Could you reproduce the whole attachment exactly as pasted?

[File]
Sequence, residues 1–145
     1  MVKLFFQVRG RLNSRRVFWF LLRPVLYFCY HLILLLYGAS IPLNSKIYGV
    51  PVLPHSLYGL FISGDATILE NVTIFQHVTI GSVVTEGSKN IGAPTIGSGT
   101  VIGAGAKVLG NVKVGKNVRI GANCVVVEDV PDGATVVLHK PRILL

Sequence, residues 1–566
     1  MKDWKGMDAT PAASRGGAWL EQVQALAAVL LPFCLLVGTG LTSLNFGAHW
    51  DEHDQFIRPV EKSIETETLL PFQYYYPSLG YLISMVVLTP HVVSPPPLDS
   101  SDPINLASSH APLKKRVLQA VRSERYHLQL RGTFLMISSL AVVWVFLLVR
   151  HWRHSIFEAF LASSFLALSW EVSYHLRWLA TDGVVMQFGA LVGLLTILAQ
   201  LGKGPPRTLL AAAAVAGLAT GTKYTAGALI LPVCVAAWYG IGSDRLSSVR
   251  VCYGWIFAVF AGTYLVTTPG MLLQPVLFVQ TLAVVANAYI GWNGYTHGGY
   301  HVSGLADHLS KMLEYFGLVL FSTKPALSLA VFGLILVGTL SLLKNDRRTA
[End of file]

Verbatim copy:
Sequence, residues 1–145
     1  MVKLFFQVRG RLNSRRVFWF LLRPVLYFCY HLILLLYGAS IPLNSKIYGV
    51  PVLPHSLYGL FISGDATILE NVTIFQHVTI GSVVTEGSKN IGAPTIGSGT
   101  VIGAGAKVLG NVKVGKNVRI GANCVVVEDV PDGATVVLHK PRILL

Sequence, residues 1–566
     1  MKDWKGMDAT PAASRGGAWL EQVQALAAVL LPFCLLVGTG LTSLNFGAHW
    51  DEHDQFIRPV EKSIETETLL PFQYYYPSLG YLISMVVLTP HVVSPPPLDS
   101  SDPINLASSH APLKKRVLQA VRSERYHLQL RGTFLMISSL AVVWVFLLVR
   151  HWRHSIFEAF LASSFLALSW EVSYHLRWLA TDGVVMQFGA LVGLLTILAQ
   201  LGKGPPRTLL AAAAVAGLAT GTKYTAGALI LPVCVAAWYG IGSDRLSSVR
   251  VCYGWIFAVF AGTYLVTTPG MLLQPVLFVQ TLAVVANAYI GWNGYTHGGY
   301  HVSGLADHLS KMLEYFGLVL FSTKPALSLA VFGLILVGTL SLLKNDRRTA